IN THE UNITED STATES DISTRICT COURT
DISTRICT OF OREGON
NATACHE D. RINEGARD-GUIRMA, Civil Case No. 10-1065-PK
BANK OF AMERICA, NATIONAL ASSOCIATION
AS SUCCESSOR BY MERGER TO LA SALLE BANK
NATIONAL ASSOCIATION, AS TRUSTEE UNDER
THE POOLING AND SERVICING AGREEMENT
DATED AS OF AUGUST 1, 2006, GSAMP TRUST
2006-HE5, MERS, LITTON LOAN SERVICING LP,
and the ORIGINAL AND PURPORTED SUCCESSOR
TRUSTEES, LSI TITLE COMPANY OF OREGON, LLC,
AND QUALITY LOAN SERVICING CORPORATION
On April 15, 2008, at 4:56 a.m., Marti Noriega, acting as Vice President for “Mortgage Electronic Registration Systems, Inc as nominee in favor of Mortgage Lenders Network USA, Inc.” signed an assignment of the Deed of Trust to LaSalle Bank National Association, as trustee under the Pooling and Servicing Agreement dated as of August 1, 2006, GSAMP Trust 2006-HE5 (“LaSalle Bank National Association”). The assignment was recorded on April 29, 2008. On April 21, 2008, LaSalle Bank National Association, acting through Litton Loan Servicing LP as attorney in fact, appointed LSI Title Company of Oregon, LLC as successor trustee.
The Court, however, is aware of contrary authority. In In re Allman, a case from the United
States Bankruptcy Court for the District of Oregon, the court described MERS as “more akin to that of a straw man than to a party possessing all the rights given a buyer.” Bankr. No. 08-31282-elp7, 2010 WL 3366405, at *10 (Bankr. D. Or. Aug. 24, 2010) (quoting Landmark Nat’l Bank, 289 Kan. at 539). The court considered the meaning of “beneficiary” under Oregon’s trust deed statute as “the person named or otherwise designated in a trust deed as the person for whose benefit the trust deed is given . . . .” ORS 86.705(1). The court then concluded, after examining language of the trust deed that is almost identical to the language contained in the Deed of Trust here, that MERS was not “in any real sense of the word, particularly as defined in ORS 86.705(1), the beneficiary of the trust deed.” Id. Instead, MERS was a nominee and the trust deed was for the benefit of the lender.
Additionally, other courts have held that MERS does not have authority to transfer the note,
even though it has authority to transfer the trust deed. Those courts have noted that when the note and deed of trust are split, the transfer of the deed of trust is ineffective. Bellistri v. Ocwen Loan Servicing, LLC, 284 S.W.3d 619, 623-24 (Mo. Ct. App. 2009) (in spite of deed language purporting to transfer the promissory note, MERS never held the note and the lender never gave
MERS the authority to transfer the note; thus MERS’ transfer of the deed of trust, separate from the note, was ineffective and the successor lender lacked a legally cognizable interest in the property); Saxon Mortg. Serv., Inc. v. Hillery, No. C-08-4357 EMC, 2008 WL 5170180, at *5 (N.D. Cal. Dec. 9, 2008) (same as Bellistri); In re Wilhelm, 407 B.R. 392 (Bankr. D. Idaho 2009) (successor lender had no standing to seek relief from bankruptcy stay and move forward with foreclosure because MERS had no authority to transfer the note).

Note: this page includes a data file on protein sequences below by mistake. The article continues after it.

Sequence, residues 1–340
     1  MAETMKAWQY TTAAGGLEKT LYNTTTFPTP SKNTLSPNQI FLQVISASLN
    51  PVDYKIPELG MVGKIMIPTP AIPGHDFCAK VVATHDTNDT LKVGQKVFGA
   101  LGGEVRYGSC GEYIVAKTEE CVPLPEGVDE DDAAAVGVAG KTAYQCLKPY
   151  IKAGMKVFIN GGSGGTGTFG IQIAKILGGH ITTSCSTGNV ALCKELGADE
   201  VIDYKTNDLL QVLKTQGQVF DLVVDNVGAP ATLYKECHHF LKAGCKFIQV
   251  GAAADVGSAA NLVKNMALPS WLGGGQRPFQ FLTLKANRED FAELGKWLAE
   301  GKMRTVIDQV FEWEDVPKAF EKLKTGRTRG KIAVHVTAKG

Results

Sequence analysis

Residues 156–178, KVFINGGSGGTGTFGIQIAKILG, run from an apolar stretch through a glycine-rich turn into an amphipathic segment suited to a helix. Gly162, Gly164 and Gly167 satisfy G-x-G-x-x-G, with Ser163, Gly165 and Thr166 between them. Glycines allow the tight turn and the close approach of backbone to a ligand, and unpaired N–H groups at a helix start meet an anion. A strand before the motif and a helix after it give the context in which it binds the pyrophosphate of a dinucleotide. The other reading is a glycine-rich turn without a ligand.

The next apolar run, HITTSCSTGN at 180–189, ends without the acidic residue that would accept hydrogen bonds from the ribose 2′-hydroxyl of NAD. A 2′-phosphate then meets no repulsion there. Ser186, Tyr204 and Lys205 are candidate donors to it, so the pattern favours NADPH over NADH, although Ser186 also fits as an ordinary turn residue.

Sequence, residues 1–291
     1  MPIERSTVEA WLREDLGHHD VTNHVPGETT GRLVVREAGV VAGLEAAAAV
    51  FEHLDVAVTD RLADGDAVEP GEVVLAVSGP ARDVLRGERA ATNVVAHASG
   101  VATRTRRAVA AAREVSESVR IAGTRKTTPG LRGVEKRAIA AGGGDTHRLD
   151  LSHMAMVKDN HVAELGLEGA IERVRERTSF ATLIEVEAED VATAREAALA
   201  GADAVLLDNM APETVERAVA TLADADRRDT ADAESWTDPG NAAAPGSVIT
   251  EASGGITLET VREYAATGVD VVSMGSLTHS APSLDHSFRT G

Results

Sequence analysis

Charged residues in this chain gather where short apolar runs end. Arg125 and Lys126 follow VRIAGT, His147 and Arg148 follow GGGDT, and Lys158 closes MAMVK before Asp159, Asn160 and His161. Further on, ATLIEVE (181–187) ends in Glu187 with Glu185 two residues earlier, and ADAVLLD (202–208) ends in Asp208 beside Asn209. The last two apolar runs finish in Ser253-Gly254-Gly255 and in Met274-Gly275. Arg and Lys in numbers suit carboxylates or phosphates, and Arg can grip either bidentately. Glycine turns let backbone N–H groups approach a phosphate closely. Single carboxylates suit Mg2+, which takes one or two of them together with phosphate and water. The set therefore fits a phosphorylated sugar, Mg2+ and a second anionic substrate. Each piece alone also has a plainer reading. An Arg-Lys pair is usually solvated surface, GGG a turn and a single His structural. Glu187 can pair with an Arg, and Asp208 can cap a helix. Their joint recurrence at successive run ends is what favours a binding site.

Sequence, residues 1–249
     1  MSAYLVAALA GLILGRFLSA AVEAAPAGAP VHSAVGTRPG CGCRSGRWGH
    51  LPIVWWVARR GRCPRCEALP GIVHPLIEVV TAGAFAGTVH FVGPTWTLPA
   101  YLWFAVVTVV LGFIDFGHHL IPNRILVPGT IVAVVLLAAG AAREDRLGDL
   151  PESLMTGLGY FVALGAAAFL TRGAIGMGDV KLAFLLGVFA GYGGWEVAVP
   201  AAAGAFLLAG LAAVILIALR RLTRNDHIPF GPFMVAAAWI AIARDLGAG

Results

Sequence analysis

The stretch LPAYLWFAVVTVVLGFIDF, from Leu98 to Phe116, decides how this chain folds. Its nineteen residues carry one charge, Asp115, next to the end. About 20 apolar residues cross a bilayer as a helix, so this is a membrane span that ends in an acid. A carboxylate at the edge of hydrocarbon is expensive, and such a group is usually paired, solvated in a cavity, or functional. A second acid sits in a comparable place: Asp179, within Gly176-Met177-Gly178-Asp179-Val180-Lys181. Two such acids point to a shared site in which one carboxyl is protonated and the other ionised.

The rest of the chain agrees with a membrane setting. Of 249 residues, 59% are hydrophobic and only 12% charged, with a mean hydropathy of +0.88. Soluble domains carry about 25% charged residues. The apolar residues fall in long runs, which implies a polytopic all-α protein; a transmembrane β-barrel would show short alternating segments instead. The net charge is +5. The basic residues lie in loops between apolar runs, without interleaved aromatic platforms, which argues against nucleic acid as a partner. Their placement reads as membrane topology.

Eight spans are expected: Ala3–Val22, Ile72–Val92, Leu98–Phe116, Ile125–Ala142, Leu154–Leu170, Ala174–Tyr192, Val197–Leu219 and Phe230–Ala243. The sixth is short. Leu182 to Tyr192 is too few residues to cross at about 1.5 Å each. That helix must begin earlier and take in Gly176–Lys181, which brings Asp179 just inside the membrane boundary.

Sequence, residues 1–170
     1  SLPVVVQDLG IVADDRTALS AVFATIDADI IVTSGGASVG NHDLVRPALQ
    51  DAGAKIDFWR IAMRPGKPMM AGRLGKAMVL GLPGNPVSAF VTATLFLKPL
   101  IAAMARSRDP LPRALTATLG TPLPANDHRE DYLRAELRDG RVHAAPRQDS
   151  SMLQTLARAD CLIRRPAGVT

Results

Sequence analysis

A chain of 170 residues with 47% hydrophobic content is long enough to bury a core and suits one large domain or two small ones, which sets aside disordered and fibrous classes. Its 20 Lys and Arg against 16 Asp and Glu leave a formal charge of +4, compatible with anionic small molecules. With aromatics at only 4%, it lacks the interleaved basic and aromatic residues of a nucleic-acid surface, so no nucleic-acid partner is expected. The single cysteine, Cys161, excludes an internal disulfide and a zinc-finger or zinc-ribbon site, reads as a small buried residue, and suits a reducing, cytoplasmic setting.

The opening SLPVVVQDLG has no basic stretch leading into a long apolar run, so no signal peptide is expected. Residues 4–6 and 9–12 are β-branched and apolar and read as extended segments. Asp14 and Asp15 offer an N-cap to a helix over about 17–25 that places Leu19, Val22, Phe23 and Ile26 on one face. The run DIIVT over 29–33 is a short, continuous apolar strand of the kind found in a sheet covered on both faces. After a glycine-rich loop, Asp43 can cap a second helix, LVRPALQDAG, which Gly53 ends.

Oregon cases support the notion that the security, here the Deed of Trust, is “merely an incident to the debt.” West v. White, 307 Or. 296, 300, 766 P.2d 383 (1988); see also U.S. Nat’l Bank of Portland v. Holton, 99 Or. 419, 428, 195 P. 823 (1921) (“The assignment of a mortgage, independent of the debt which it is given to secure, is an unmeaning ceremony.”). Federal courts are bound by pronouncements of the state’s highest court on applicable state law. If the state’s highest court has not decided an issue, and there is no relevant precedent from an intermediate appellate court, the federal court is to predict how the state high court would resolve it. “In assessing how a state’s highest court would resolve a state law question– absent controlling state authority–federal courts look to existing state law without predicting potential changes in that law.” Ticknor v. Choice Hotels International, Inc., 265 F.3d 931, 939 (9th Cir. 2001); see also Ryman v. Sears, Roebuck & Co., 505 F.3d 993, 994 (9th Cir. 2007).
Absent a decision from the Oregon Supreme Court or the Oregon Court of Appeals, and absent further briefing from the parties on this specific issue, I am at least initially persuaded that Rinegard-Guirma has a likelihood of success on the merits.
As for irreparable harm, loss of a home is a grievous injury.
For the foregoing reasons, Rinegard-Guirma’s Motion for a Temporary Restraining Order and Preliminary Injunction (#18) is GRANTED. The defendants are enjoined from foreclosing Rinegard-Guirma’s property described as: Lot 2, Block 16, Highland Park, in the City of Portland,County of Multnomah and State of Oregon, Assessor’s Parcel Number R180361, commonly known as 5731 NE 10th Ave., Portland, OR 97211 until the claims against MERS are resolved.
IT IS SO ORDERED.
Dated this 6th day of October, 2010.
/s/ Garr M. King
Garr M. King
United States District Judge
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